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Did you know that cavities are caused by germs that are passed from adult to child? Infants are born without the bacteria that causes caries- the disease that leads to cavities. Infants are born without the bacteria that causes caries- the disease that leads to cavities. They get it from spit that is passed from their caregiver's mouth to their own. Caregivers pass on these germs by sharing saliva- by sharing spoons, by testing foods before feeding it to infants, by cleaning off a pacifier in their mouth instead of with water, and through other activities where saliva is shared.

These germs can start the process that causes cavities even before infants have teeth, so it's important to avoid sharing saliva with your infant right from the start. See below for more tips on how to keep your infant - and your infant's teeth healthy and happy.

For You

  • Eat healthy foods to reduce the cavity-causing germs in your mouth.
  • Brush your teeth with a toothpaste that contains fluoride.
  • Do not put anything in your infant's mouth that has been in your mouth including spoons or a toothbrush, do not blow on your infant's food
  • Do not use your spit to clean your infant's pacifier - use water instead.
  • If you have bleeding gums or cavities, you should visit your dentist as soon as possible.

For Your Infant

  • Before your infant's first tooth becomes visible in the mouth, you should wipe the mouth every day with a soft, moist washcloth. As soon as teeth become visible in the mouth, brush the teeth with a small soft bristle toothbrush that contains a pea-sized smear of fluoride-containing toothpaste.
  • Encourage your infant to spit out the toothpaste.
  • You should brush your child's teeth at least twice each day - once in the morning and once at night. Remember, the most important time to brush your infant's teeth is right before bedtime.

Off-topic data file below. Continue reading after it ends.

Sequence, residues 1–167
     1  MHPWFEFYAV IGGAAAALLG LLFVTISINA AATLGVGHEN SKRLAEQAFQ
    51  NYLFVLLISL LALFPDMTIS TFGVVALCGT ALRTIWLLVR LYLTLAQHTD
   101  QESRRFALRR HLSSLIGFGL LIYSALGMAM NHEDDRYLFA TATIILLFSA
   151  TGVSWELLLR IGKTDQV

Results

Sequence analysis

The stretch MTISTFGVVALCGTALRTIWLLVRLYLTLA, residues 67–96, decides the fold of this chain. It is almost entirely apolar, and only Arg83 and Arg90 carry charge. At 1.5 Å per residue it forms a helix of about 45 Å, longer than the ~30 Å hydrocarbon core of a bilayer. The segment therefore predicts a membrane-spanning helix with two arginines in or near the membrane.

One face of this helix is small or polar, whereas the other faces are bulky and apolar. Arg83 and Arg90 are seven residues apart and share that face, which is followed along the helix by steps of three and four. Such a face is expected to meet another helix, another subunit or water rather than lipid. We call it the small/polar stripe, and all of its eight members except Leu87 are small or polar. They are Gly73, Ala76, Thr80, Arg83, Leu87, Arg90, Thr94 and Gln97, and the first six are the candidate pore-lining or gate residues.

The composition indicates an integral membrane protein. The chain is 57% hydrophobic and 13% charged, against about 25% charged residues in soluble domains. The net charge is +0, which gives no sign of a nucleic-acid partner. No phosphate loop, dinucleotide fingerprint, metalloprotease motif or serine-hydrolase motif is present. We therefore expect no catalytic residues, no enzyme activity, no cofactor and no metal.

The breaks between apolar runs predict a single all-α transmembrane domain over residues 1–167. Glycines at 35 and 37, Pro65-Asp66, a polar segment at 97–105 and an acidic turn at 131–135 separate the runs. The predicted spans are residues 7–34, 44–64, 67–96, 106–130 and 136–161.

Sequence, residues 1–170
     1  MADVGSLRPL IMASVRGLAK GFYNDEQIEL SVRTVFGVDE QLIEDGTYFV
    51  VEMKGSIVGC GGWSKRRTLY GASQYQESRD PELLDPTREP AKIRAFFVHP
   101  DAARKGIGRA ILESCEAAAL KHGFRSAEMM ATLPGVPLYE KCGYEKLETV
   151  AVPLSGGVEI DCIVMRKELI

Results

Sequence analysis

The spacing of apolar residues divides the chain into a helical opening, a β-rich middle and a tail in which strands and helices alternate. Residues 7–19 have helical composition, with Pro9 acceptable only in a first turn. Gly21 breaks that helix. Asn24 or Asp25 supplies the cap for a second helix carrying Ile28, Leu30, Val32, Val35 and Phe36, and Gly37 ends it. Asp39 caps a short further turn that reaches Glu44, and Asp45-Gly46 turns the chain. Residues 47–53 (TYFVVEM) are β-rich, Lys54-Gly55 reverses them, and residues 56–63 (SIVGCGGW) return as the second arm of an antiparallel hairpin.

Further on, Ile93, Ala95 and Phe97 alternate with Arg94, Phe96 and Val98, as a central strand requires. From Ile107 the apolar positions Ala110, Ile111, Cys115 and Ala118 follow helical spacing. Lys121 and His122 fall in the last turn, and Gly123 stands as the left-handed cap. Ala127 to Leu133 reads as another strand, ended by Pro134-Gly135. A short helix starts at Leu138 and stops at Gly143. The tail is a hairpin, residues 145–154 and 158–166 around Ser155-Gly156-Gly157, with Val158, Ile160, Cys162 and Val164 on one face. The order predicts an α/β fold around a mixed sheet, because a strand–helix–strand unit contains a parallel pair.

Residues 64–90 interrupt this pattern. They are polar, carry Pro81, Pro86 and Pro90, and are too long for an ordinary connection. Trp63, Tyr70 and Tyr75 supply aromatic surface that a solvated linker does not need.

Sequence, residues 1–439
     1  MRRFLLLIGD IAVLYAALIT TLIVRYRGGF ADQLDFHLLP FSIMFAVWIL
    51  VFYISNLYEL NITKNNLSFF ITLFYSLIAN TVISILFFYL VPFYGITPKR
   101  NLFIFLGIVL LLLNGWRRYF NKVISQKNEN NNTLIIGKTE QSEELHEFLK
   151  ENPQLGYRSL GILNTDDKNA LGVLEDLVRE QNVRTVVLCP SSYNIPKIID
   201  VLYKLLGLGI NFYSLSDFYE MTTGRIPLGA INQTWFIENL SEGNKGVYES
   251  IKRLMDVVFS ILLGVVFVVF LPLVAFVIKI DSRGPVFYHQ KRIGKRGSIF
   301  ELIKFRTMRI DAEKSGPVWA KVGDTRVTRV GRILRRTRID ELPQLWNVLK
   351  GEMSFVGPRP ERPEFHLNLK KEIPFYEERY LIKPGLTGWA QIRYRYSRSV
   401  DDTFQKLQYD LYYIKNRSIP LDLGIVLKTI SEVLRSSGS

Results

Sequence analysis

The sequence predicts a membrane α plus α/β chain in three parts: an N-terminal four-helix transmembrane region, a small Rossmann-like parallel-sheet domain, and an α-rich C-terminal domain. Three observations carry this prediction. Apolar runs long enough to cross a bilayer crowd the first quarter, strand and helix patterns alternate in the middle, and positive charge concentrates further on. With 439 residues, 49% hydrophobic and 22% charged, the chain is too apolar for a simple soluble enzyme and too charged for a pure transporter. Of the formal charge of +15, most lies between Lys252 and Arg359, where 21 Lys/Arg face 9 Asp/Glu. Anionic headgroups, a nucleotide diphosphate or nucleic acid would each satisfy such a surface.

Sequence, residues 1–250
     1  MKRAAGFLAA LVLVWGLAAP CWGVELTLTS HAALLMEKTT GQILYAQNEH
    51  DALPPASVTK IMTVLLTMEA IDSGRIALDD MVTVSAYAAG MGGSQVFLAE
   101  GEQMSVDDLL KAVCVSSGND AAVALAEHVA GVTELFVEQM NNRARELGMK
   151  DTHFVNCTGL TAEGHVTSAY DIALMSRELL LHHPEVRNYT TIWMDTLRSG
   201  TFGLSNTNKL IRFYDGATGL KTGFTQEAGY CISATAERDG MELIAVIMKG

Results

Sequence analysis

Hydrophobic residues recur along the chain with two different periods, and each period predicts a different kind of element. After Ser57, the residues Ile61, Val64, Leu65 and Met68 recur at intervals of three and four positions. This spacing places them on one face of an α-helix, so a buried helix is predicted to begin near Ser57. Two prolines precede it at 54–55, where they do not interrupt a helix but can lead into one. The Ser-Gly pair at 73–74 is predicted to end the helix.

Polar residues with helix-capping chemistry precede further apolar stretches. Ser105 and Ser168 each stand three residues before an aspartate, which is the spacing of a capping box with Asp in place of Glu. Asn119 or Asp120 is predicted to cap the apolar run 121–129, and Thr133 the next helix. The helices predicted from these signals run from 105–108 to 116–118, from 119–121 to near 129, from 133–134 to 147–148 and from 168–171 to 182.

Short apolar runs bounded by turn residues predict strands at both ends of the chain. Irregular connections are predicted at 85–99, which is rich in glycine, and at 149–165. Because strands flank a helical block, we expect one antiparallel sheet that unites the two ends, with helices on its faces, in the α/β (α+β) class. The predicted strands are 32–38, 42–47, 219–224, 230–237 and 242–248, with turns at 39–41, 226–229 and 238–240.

• Talk to your infant's pediatrician or pediatric dentist about the right amount of fluoride for your infant. Ask if your child should be brushing with toothpaste that contains fluoride.
  • Avoid giving your infant sticky foods and unhealthy snacks like candy, soda or juice in between meals. Instead, give your infant healthy snacks like cheese, yogurt or fruit. Only give your infant treats or juice at meal times.
  • Establish bedtime routines that do not involve using the bottle filled with milk or juice to soothe the infant to sleep. Also avoid having the infant sleep with a bottle filled with milk or juice as the natural sugars in these liquids will get changed to acid, which will rot or decay the teeth and lead to dental infection and pain. Avoid having your infant drink from a sippy cup filled with juice between meals.
  • Do not give your infant juice until he is 6 months old. Do not give your infant more than 4oz of juice per day.
  • If you see white spots developing on your infant's teeth, then take your infant to a pediatric dentist right away. A white spot is often the first sign of a dental cavity.
  • Schedule your infant's first dental visit with a pediatric dentist when she is one year old. Pediatric dentists have additional training beyond dental school working with infants and young children. Remember - first tooth, first birthday, first dental visit!

AAPD Sippy Cups

To help parents reduce the risk of cavities in children, the American Academy of Pediatric Dentistry offers parents the following guidelines on using sippy cups properly:

  • The sippy cup is a training tool to help children transition from a bottle to a cup. It shouldn't be used for a long period of time – it's not a bottle and it's not a pacifier.
  • Unless being used at mealtime, the sippy cup should only be filled with water. Frequent drinking of any other liquid, even if diluted, from a bottle or no-spill training cup should be avoided.
  • Sippy cups should not be used at naptime or bedtime unless they only have water in them. For more pediatric dental care tips or to locate a pediatric dentist in your area, visit